Puglia is the “heel” of Italy’s boot. Originally colonized by the Greeks, most of the inhabitants seemed more Albanian than what one usually thinks of as looking “Italian”. The central Italian effusiveness was also absent, although the people were friendly and helpful.
At the turn of the 19th to 20th century, this region suffered a prolonged drought. Thousands of people left for America. The depopulation was severe. Towns were abandoned, families were separated. The vast majority of American Italians immigrated during this time. To some degree, Puglia is still recovering. The population is still low, but the region is no longer so poor. Puglia also suffered during WWII; it was even used as a place to banish malcontents, as documented by Carlo Levi, Christ Stopped at Eboli.
Although colonized by Greece, Puglia missed being overrun by the usual hordes and invaders. The result is that the medieval city centers of this region are in pristine shape. And since it’s off the usual tourist circuit, these urban centers have not been turned into tourist traps lined with pricey restaurants. In fact, too often, there was only one restaurant in many of these towns. Many of the walled centers’ residents were “everyday working-class folks” – with kids playing in the streets and laundry hanging above. This was a refreshing change from many of the other European cities.
This is also the region where one finds “trulis” – conical shaped homes made of loosely fitted stones.
We were attracted by the Greek ruins and relatively few tourists in this part of Italy. We created an itinerary that would minimize both number of moves, opting for self-catering homes and apartments instead of hotels.
Bari, Canosa di Puglia, Castel del Monte, Ostuni, Metaponto Alberobello, Grottaglie, Gallipoli Otranto, Lecce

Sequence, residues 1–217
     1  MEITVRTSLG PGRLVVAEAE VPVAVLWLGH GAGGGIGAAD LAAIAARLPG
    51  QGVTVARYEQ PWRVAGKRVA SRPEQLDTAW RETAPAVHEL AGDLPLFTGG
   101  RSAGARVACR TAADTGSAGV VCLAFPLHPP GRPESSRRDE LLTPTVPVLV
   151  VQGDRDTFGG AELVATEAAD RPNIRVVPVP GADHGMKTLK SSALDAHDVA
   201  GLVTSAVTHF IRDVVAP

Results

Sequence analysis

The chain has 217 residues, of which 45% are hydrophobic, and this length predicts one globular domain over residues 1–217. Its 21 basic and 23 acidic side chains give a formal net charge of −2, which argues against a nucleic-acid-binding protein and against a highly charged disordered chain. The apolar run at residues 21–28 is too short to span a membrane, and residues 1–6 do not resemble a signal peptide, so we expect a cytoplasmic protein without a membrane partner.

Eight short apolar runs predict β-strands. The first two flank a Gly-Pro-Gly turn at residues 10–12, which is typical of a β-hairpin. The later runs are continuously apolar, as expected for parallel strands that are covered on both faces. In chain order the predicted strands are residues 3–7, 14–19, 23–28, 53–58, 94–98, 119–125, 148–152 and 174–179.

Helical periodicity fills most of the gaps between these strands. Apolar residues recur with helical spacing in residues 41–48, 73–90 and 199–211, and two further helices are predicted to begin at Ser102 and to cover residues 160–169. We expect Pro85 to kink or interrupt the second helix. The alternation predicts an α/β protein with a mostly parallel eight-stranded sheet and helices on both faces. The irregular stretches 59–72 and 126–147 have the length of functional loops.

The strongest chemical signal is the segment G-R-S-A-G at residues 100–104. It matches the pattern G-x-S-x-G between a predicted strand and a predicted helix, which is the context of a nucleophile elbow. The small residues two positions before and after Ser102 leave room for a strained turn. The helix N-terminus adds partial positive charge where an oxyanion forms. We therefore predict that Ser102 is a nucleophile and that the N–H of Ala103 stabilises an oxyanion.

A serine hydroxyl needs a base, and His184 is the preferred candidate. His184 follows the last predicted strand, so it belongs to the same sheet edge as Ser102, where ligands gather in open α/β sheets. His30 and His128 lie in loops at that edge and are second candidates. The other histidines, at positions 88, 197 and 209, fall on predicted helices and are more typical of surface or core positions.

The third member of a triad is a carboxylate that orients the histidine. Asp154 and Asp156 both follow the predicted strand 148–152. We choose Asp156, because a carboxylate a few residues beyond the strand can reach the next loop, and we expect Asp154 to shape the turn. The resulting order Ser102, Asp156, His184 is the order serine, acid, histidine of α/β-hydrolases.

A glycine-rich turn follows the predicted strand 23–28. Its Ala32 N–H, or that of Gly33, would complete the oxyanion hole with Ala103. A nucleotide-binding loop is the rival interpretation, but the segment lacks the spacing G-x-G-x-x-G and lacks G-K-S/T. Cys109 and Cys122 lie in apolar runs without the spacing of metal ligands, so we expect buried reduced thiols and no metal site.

Bari: We arrived on different flights – giving Phil the opportunity to “suss out” Bari’s restaurants and sights. Bari is the economic center of Puglia, and is bustling with traffic, shoppers, and supposedly petty thieves. Phil had some minor problems with the car rental where they tried to say the only available car was a van bigger than the state of New Hampshire, but he persevered, picked Susan and our friends from England, Tony and Erika from the airport, and whisked us to our 4-star resort 20 minutes north of Bari. The next day, we explored Bari’s sights together. The old walled city was charming – and the best place to start our journey. The enormous castle was perfectly restored.
Bari we headed north to Canosa I Puglia, enjoying their medieval castle and Greek ruins. We then worked our way south along the coast, stopping in medieval towns like Ruvo di Puglia , Bitonto, with its amazing Roman tiled floors, and Ostuni. Along the way, scenic olive groves lured Tony and Erica, who are professional photographers, to make photo stops.
Alberobello is an ancient town with trulis, unusual stone houses with conical roofs. We arrived on market day and got some souvenirs as well as many great photos. From there we headed to Plignano a Mare, which juts out into the Adriatic Sea. We continued all the way to the end of the Appian Way, in Brindisi, stopping in lovely small self-catering homes and finding delicious food. From Brindisi we continued to the very “heel” of the Italian boot, trough Lecce and Otranto and over to Gallipoli on the Ionian Sea before returning to Bari.